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Encouraging budgets that directly benefit women and girls

Encouraging budgets that directly benefit women and girls

By In Interesting things to check out On November 3, 2016


GWIN: A Gender Budgeting Pilot (Nigeria, 2014) from MIND on Vimeo.

 

From making sure women have access to water, to ensuring employment for all, to enabling women to voice their concerns about safe transport and adequate maternal healthcare – gender budgeting can benefit both men and women by reducing inequalities and ensuring that public money is better targeted and spent more efficiently. With women estimated to account for 49 per cent of the population in Nigeria, the entire country stands to benefit from any economic benefits they might gain. Yet until recently, government budgeting tended to neglect their needs.

Growing Girls and Women in Nigeria (GWIN) is a gender budgeting initiative coordinated by Nigeria’s Federal Ministry of Finance launched in 2013. Supported by Voices for Change (V4C), the initiative aims to integrate tangible results for girls and women in the annual budgets of Ministerial Departments.  All five Ministries that participated in the first pilot projects recognised the universal gains of adopting gender budgetary processes and the positive impacts of women’s economic empowerment on the country’s burgeoning economy.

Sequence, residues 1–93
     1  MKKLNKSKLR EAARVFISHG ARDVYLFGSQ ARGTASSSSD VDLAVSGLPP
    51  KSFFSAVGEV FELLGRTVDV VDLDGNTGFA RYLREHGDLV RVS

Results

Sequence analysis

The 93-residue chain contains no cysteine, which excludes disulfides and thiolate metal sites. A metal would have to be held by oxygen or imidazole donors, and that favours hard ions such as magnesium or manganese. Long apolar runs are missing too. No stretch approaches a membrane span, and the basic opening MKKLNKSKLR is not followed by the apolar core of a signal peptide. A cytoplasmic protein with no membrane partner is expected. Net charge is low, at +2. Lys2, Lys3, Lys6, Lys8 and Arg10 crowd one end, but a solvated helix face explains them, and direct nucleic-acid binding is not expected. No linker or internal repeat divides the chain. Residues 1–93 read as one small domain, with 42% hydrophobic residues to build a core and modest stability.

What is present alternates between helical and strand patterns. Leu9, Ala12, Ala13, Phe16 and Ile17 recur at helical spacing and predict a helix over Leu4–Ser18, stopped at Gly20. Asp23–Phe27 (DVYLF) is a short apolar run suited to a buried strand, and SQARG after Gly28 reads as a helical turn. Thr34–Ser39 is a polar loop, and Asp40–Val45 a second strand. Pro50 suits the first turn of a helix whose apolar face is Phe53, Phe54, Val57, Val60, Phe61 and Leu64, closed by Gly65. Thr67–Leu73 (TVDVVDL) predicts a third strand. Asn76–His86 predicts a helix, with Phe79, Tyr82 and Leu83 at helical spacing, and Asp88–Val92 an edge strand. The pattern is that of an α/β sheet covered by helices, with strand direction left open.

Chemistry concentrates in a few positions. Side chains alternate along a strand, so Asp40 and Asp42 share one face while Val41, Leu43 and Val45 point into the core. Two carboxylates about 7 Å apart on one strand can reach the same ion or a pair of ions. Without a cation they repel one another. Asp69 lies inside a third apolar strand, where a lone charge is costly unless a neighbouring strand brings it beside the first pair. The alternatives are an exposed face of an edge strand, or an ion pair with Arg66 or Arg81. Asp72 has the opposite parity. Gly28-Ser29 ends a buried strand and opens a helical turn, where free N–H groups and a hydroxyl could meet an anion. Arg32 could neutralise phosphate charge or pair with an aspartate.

In 2014, an all-female camera crew belonging to V4C partner, Media, Information and Narrative Development (MIND) set out to capture the budget mainstreaming practices piloted in GWIN. The crew traveled across Nigeria to capture the first results of GWIN, visiting project sites and interviewing all kinds of stakeholders – from beneficiaries to Federal Ministers. The resulting films were screened at a range of international platforms including the World Bank Spring Meetings in Washington DC, the African Development Bank and the World Economic Forum on Africa and were welcomed by finance ministers who established a World Bank-supported Community of Practice for countries interested in replicating the budget mainstreaming practices as piloted in GWIN.


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